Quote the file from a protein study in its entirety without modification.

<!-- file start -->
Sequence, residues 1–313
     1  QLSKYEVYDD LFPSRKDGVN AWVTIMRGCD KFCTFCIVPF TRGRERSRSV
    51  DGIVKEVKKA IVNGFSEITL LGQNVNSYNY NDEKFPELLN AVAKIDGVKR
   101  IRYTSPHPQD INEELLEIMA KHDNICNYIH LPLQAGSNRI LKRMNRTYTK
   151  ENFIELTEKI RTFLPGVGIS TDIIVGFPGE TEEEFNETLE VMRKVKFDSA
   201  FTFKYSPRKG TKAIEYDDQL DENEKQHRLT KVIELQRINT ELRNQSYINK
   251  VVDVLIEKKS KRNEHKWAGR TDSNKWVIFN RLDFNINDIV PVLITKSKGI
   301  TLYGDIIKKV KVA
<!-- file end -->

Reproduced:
Sequence, residues 1–313
     1  QLSKYEVYDD LFPSRKDGVN AWVTIMRGCD KFCTFCIVPF TRGRERSRSV
    51  DGIVKEVKKA IVNGFSEITL LGQNVNSYNY NDEKFPELLN AVAKIDGVKR
   101  IRYTSPHPQD INEELLEIMA KHDNICNYIH LPLQAGSNRI LKRMNRTYTK
   151  ENFIELTEKI RTFLPGVGIS TDIIVGFPGE TEEEFNETLE VMRKVKFDSA
   201  FTFKYSPRKG TKAIEYDDQL DENEKQHRLT KVIELQRINT ELRNQSYINK
   251  VVDVLIEKKS KRNEHKWAGR TDSNKWVIFN RLDFNINDIV PVLITKSKGI
   301  TLYGDIIKKV KVA